This drive to do more and More and MORE is a state of existence for most teachers in the US….it is engrained in us from day one.  There is a constant pressure to push our students to the next level to have them do bigger and better things.  The lessons have to be more exciting, more engaging and cover more content.  This phenomena  is driven by data, or parents, or administrators or simply by our work-centric society where we gauge our success as a human being by how busy we are and how burnt out we feel at the end of the day.  We measure our worth with completed lists and we criminalize down time.  We teach this “work till you drop” mentality to our students who either simply give up somewhere along the way or become as burnt out as we find ourselves.

When I arrived in Finland I did not find big flashy innovative thought provoking math lessons.  I did not find students who were better at mathematics or knew more math content.  In fact the Jr. High and High school math classrooms have been rather typical of what I have experienced in Indiana.  And most of the struggles (like students not remembering their basic math facts) were the same.  The instruction and classroom structure of a math classroom in Finland follows the basic formula that has been performed by math teachers for centuries: The teachers go over homework, they present a lesson (some of the kids listen and some don’t), and then they assign homework.  While some lectures have been wonderful and I have gotten to observe some fantastic teachers, I would say that on the whole I have seen more engaging and interactive secondary math instruction from teachers in the United States.  It is rare to see a math lesson that is measurably better than those found in my district and I have seen several that were actually far worse.

So, what is the difference?  If the instruction in secondary mathematics is the same or sometimes worse than those found in the US,  why are Finnish students succeeding and ours are failing?  The difference is not the instruction. Good teaching is good teaching and it can be found in both Finland and in the US.   (The same can be said for bad teaching.)  The difference is less tangible and more fundamental.  Finland truly believes “Less is More.”  This national mantra is deeply engrained into the Finnish mindset and is the guiding principal to Finland’s educational philosophy.

Less IS more. 

They believe it.  They live by it. Their houses are not larger than what they need in which to comfortably live.  They do not buy or over consume.  They live simply and humbly.  They don’t feel the need to have 300 types of cereal to choose from when 10 will do.  The women wear less make-up.  The men don’t have giant trucks (or any vehicles at all, really).  Instead of buying hundreds of cheap articles of clothing the Finns buy a few expensive items of high quality that will last for decades rather than months.  They truly believe and live by the mentality of less is more.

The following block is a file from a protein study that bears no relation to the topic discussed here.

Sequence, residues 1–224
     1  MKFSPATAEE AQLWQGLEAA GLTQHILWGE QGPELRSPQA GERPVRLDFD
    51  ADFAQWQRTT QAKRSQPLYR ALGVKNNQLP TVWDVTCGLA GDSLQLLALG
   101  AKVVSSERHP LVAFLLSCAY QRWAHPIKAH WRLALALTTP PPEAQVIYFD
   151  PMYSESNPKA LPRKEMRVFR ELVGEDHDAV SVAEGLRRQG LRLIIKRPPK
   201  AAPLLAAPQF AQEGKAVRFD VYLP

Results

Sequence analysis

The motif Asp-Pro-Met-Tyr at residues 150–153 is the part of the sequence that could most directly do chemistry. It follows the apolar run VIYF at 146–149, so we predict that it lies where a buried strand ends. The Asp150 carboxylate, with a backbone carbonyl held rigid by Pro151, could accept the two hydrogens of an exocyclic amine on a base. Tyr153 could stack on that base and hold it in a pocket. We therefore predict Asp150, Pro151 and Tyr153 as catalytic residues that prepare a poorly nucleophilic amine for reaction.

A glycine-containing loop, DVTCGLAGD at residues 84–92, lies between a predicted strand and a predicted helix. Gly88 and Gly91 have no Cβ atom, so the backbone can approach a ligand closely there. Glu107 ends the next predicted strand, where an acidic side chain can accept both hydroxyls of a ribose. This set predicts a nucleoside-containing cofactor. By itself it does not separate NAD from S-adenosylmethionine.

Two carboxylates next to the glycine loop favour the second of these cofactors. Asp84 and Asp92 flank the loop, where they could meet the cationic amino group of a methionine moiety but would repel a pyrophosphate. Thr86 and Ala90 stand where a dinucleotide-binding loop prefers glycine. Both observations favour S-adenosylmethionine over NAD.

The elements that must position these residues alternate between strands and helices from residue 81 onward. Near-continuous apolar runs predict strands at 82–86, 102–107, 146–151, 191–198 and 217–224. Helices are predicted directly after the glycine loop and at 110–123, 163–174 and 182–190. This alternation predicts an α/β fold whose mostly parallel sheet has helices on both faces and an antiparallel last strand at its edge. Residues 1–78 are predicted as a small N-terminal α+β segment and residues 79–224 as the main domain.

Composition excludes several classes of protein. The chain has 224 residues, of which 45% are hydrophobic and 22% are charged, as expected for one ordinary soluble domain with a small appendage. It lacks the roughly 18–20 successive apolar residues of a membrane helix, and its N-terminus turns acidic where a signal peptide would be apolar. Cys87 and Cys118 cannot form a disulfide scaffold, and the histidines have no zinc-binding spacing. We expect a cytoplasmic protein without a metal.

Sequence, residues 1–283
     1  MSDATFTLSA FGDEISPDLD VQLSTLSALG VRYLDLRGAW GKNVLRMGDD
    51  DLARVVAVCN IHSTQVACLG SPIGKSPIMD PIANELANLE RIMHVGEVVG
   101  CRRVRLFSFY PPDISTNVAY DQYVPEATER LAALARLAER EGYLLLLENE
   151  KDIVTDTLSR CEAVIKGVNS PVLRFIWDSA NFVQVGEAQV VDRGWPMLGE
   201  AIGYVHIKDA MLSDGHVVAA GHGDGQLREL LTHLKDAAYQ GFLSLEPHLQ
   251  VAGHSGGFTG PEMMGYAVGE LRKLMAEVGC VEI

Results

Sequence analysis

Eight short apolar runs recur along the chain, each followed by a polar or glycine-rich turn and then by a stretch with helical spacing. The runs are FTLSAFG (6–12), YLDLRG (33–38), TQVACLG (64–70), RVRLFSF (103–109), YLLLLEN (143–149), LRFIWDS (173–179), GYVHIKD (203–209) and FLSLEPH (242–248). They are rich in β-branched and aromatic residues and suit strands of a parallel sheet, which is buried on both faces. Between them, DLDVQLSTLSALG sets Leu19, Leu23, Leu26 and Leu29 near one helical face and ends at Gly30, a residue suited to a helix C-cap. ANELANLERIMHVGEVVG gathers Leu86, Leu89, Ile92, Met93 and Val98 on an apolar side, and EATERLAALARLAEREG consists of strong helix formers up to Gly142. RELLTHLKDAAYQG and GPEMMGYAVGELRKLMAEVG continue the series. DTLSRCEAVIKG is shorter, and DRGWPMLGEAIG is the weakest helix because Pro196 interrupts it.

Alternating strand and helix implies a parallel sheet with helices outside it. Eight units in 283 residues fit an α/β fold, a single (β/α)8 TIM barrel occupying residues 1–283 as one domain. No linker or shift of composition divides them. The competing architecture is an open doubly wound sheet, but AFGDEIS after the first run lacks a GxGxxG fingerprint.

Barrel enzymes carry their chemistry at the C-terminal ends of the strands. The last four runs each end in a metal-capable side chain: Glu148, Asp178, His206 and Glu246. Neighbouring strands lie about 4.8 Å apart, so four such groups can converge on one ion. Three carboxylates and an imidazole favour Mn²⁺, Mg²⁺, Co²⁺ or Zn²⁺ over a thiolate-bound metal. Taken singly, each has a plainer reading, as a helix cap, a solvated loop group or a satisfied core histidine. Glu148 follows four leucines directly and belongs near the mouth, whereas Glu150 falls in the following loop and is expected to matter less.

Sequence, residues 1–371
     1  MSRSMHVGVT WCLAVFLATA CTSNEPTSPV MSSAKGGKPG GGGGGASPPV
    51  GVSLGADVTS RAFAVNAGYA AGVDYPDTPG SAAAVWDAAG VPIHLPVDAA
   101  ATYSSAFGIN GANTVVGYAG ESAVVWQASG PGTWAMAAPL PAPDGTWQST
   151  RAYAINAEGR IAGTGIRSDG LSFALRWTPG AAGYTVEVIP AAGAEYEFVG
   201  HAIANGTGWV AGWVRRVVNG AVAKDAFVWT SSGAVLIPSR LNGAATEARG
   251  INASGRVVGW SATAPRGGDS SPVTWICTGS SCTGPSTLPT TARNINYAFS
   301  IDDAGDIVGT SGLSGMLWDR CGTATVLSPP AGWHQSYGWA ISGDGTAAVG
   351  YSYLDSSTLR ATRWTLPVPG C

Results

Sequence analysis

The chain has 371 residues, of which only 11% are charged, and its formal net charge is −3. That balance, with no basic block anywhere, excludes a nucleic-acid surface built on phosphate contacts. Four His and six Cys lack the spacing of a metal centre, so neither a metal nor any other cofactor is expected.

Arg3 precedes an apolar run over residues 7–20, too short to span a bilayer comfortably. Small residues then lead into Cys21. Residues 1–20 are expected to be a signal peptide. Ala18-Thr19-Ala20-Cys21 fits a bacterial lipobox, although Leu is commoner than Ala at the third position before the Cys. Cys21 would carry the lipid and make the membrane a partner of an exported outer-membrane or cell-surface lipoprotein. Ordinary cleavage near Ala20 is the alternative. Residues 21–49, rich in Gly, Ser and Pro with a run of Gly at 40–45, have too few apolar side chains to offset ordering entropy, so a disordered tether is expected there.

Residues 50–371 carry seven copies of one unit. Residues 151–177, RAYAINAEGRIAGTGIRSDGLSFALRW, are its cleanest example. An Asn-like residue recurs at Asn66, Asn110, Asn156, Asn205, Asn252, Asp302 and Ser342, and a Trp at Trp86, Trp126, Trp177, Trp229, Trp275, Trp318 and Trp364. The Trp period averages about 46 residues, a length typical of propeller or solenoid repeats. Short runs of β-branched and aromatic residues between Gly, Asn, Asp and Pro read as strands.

Conversely in the US we truly believe “more is more” and we constantly desire and pursue more in all areas of our lives.  We are obsessed with all things new, shiny and exciting and are constantly wanting to upgrade our lives.  Out with the old in with the new!  This mentality of “more is more”  creeps into all areas of our lives and it confuses and stifles our education system.

We can’t even stick to ONE philosophy of education long enough to see if it actually works.  We are constantly trying new methods, ideas and initiatives.  We keep adding more and more to our plates without removing any of the past ideas.  Currently we believe “more” is the answer to all of our education problems— everything can be solved with MORE classes, longer days, MORE homework, MORE assignments, MORE pressure, MORE content, MORE meetings,  MORE after school tutoring, and of course MORE testing!   All this is doing is creating MORE burnt out teachers, MORE stressed out students and MORE frustration.

Finland on the other hand believes less is more.  This is exemplified in several ways for both teachers and students.

Less = More


1.  Less Formal Schooling = More Options

Students in Finland start formal schooling at the age of seven.  Yes, seven!  Finland allows their children to be children, to learn through playing and exploring rather than sitting still locked up in a classroom.   But don’t they get behind?  No!  The kids start school when they are actually developmentally ready to learn and focus.  This first year is followed by only nine years of compulsory school.  Everything after ninth grade is optional and at the age of 16 the students can choose from the following three tracks:

• Upper Secondary School:  This three year program prepares students for the Matriculation Test that determines their acceptance into University.  Students usually pick which upper secondary school they would like to attend based on the school’s specialties and apply to get into that institution.  I think of this as a mixture of High School and College.  (In recent years a little less than 40% choose this option.)